Our eagerness in getting all the new baits out meant that by the time Saturday rolled round we had little to do except for some casual monitoring. The day was spectacularly beautiful – not a cloud in site and for once no wind. We therefore hosted a cleaning party (ready for our departure the next day), ate as many pikelets as possible, snuck in some sneaky reading and games of crib, and explored the island at our leisure. For me this meant navigating the perimeter of the island stopping whenever I felt inclined to take a photo or watch birds, and checking bait stations whenever I practically walked on top of them. Pleasantly there was not a single rat nibble that I found, though sometimes the Talon was crawling with invertebrates. Turns out invertebrates like wax baits (they are able to metabolise the toxins). Our hotspot was also quiet – no new uptake. By the way the current record for bait consumed from a single station is 22.7 baits (thanks for the data updates John and Phil).

Beautiful weather

Beautiful weather

Though covered in sheep, the island is still extremely beautiful and I thoroughly enjoyed my time romping about the tussocks and among the mutton bird burrows (unfortunately, or perhaps fortunately for them the mutton birds had already left on their migration north). For the bird enthusiasts, I recorded twenty-two bird species on the island over the ten days, including some which were new for me (Cape Barren Geese, white-fronted chat, double-banded plover). The remoteness is peaceful and there were glorious sunrise/sunsets every day, not to mention a spectacular moon-rise over Mt Strzelecki (across the channel on Flinders Island) for our final night together.

Moon-rise over Mt Strezlecki

Moon-rise over Mt Strezlecki

Sunday morning meant our time together was coming to an end and it was time to depart. Of course our tents were wetter than they had been any morning on the island (the most dew I’ve ever seen). We all stood together watching the boats approaching to take us back to Flinders and I knew it was unfortunately time to go back to the real world (aka PhD life).

Hard at work

Hard at work

In early June another group of dedicated volunteers will arrive on the island to begin the monitoring phase of the project. Though we hadn’t seen hide-nor-hair of any rats in the last few days of our trip, monitoring the island for activity is an extremely important aspect to ensure the long-term success of the project. They will do this via a variety of measures, including monitoring the stations and deploying peanut-butter cards, which are plastic cards dipped in peanut butter (rats love peanut butter and will chew through the plastic to get the peanut butter). I’m hoping they don’t get any nibbles at all, which will be a very good sign for the wildlife of Big Green Island. Hopefully the eradication of rats will help the vegetation to recover and increase the breeding success of seabirds. Two years post baiting Sue will take the rodent detector dogs and deploy camera traps to verify that rats have been successfully eradicated.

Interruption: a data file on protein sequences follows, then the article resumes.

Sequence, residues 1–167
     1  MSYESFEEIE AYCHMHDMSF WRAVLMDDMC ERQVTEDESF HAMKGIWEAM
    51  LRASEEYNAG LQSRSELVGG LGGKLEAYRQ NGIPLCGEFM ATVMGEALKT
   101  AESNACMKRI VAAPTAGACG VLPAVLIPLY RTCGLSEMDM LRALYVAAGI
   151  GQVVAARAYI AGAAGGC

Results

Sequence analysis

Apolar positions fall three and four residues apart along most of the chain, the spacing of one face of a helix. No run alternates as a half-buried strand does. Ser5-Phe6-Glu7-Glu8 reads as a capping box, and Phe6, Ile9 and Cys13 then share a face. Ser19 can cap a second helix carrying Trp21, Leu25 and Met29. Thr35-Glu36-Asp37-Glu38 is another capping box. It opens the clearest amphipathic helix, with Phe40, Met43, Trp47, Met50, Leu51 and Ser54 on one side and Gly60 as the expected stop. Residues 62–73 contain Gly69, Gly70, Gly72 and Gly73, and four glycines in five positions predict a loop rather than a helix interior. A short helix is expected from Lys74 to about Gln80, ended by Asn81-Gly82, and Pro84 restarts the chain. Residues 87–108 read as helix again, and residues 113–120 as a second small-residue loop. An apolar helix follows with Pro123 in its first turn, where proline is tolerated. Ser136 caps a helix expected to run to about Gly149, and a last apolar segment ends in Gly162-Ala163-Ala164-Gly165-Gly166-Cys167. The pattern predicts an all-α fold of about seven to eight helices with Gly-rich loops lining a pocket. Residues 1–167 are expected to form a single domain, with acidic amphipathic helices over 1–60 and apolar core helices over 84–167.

Now back at my desk at the Antarctic Division I am extremely grateful to have had the opportunity to participate in such a project, where I was able to gauge conservation success with my own eyes (something that is often hard to do with desktop conservation projects). I loved the island and immensely enjoyed spending time with such wonderful and inspiring people. I have no doubt the success of such projects is underpinned by the dedicated teams of volunteers and staff. Since the beginning of this project, volunteers deployed 2,215 stations, made 21,104 observations, deployed 24,018 baits (480kg) and had 10,544 baits eaten (211kg). And I have no doubt the next group of volunteers will do an equally stellar job.

Big Green at dusk

Big Green at dusk

The crew

The crew